Producer Stephen Johns and engineer Philip Burwell recorded the music in December 2013 at Studio 1, BBC Maida Vale, London. The sound is slightly aggressive; that is, the frequency balance favors the upper midrange, making some high notes a little shrill and glassy, occasionally even fierce. The voices are out front, as we might expect, the orchestral accompaniment a bit recessed and a tad soft. It sounds, in fact, a bit more like pop-music sound than it does classical, the latter usually a tad more natural. Still, given the nature of the album, that's probably not a bad thing; the sound will complement a lot of home playback systems and car radios and no doubt appeal to folks used to listening to popular music on TV and iPods. I don't mean to be too critical here, but for the ultimate in sonic realism, you might want to look elsewhere. This is just good, clean, in-your-face sound.

JJP

To listen to a brief excerpt from this album, click here:



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John J. Puccio

John J. Puccio

About the Author

Understand, I'm just an everyday guy reacting to something I love. And I've been doing it for a very long time, my appreciation for classical music starting with the musical excerpts on The Big John and Sparkie radio show in the early Fifties and the purchase of my first recording, The 101 Strings Play the Classics, around 1956. In the late Sixties I began teaching high school English and Film Studies as well as becoming interested in hi-fi, my audio ambitions graduating me from a pair of AR-3 speakers to the Fulton J's recommended by The Stereophile's J. Gordon Holt. In the early Seventies, I began writing for a number of audio magazines, including Audio Excellence, Audio Forum, The Boston Audio Society Speaker, The American Record Guide, and from 1976 until 2008, The $ensible Sound, for which I served as Classical Music Editor.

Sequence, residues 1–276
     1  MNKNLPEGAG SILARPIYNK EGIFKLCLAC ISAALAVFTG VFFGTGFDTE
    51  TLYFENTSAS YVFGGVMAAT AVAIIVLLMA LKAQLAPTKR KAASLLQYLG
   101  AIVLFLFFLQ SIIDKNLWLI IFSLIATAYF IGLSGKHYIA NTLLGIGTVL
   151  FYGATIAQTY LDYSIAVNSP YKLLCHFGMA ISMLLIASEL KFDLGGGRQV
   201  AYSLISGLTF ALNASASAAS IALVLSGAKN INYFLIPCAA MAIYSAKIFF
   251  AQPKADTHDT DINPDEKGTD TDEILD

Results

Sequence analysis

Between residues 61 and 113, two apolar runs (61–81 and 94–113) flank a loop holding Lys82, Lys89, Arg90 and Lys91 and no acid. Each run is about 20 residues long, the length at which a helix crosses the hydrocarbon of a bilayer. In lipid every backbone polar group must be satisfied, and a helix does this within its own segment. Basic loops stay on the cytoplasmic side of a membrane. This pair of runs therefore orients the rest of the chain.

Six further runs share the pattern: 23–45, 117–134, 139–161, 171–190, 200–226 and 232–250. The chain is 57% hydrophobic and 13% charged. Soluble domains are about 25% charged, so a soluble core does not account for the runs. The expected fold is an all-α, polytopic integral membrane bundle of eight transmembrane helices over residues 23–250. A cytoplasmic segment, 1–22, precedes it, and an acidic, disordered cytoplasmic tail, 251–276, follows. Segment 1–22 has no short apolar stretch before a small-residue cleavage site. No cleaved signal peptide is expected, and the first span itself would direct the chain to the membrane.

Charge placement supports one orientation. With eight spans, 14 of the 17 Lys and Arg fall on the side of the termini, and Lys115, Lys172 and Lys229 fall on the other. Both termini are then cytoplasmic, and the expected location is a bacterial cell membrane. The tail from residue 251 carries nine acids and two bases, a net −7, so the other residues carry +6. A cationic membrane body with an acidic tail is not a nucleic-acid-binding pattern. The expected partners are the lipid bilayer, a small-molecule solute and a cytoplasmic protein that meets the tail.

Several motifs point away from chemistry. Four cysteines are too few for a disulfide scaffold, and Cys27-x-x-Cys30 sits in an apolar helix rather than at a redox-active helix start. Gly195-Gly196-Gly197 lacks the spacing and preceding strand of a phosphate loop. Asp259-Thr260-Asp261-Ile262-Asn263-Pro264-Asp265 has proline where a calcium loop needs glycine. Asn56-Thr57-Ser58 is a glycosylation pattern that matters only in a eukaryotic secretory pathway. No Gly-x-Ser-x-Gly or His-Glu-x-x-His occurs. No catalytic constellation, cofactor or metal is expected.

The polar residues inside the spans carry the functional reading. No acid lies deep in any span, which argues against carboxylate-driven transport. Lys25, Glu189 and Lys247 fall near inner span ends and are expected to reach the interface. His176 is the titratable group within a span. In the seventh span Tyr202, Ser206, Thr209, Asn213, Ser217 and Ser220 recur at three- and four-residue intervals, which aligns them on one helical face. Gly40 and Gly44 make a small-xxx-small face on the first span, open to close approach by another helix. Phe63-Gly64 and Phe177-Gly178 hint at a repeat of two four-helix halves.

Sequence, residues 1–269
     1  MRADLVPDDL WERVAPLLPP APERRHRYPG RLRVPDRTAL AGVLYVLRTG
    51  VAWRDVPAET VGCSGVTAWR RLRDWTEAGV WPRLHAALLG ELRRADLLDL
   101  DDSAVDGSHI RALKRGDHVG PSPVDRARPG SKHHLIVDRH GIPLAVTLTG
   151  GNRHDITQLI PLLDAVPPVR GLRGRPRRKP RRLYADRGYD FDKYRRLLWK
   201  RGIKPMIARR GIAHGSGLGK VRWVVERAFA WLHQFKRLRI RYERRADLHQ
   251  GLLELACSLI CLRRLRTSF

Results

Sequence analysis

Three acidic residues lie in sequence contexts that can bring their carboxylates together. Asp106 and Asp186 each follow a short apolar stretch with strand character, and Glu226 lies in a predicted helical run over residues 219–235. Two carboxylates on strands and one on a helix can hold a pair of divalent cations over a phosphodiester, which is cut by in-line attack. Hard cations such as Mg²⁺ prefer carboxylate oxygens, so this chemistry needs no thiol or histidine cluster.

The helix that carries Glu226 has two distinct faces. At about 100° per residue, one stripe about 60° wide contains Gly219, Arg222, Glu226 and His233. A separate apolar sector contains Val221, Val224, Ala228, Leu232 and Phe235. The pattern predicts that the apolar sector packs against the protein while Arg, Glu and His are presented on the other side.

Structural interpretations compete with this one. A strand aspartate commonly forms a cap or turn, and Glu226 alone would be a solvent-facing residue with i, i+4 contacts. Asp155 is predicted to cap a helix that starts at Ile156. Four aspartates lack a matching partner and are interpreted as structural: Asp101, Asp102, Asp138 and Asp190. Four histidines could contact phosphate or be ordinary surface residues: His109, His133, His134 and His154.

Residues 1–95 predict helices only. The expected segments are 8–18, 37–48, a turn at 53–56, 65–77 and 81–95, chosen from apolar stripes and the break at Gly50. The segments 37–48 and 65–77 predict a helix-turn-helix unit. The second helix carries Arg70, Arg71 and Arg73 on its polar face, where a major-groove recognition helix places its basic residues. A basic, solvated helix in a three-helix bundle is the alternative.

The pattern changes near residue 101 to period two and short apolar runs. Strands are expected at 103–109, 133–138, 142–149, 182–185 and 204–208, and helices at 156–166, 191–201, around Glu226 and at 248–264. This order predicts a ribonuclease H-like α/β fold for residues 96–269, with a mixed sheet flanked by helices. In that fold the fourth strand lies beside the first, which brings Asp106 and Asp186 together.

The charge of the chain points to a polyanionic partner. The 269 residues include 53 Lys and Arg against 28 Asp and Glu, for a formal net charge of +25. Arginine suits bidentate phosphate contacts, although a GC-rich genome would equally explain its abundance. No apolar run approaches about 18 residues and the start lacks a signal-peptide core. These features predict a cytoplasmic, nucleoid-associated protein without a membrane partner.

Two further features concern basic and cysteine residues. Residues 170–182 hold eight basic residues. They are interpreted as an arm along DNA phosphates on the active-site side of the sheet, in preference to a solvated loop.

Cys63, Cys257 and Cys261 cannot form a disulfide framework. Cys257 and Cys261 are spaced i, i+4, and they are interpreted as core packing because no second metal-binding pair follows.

Today, I'm retired from teaching and use a pair of bi-amped VMPS RM40s loudspeakers for my listening. In addition to writing the Classical Candor blog, I served as the Movie Review Editor for the Web site Movie Metropolis (formerly DVDTown) from 1997-2013. Music and movies. Life couldn't be better.

Mission Statement

It is the goal of Classical Candor to promote the enjoyment of classical music. Other forms of music come and go--minuets, waltzes, ragtime, blues, jazz, bebop, country-western, rock-'n'-roll, heavy metal, rap, and the rest--but classical music has been around for hundreds of years and will continue to be around for hundreds more. It's no accident that every major city in the world has one or more symphony orchestras.

When I was young, I heard it said that only intellectuals could appreciate classical music, that it required dedicated concentration to appreciate. Nonsense. I'm no intellectual, and I've always loved classical music. Anyone who's ever seen and enjoyed Disney's Fantasia or a Looney Tunes cartoon playing Rossini's William Tell Overture or Liszt's Hungarian Rhapsody No. 2 can attest to the power and joy of classical music, and that's just about everybody.

So, if Classical Candor can expand one's awareness of classical music and bring more joy to one's life, more power to it. It's done its job.

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Readers with polite, courteous, helpful letters may send them to pucciojj@gmail.com.

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"Their Master's Voice" by Michael Sowa

"Their Master's Voice" by Michael Sowa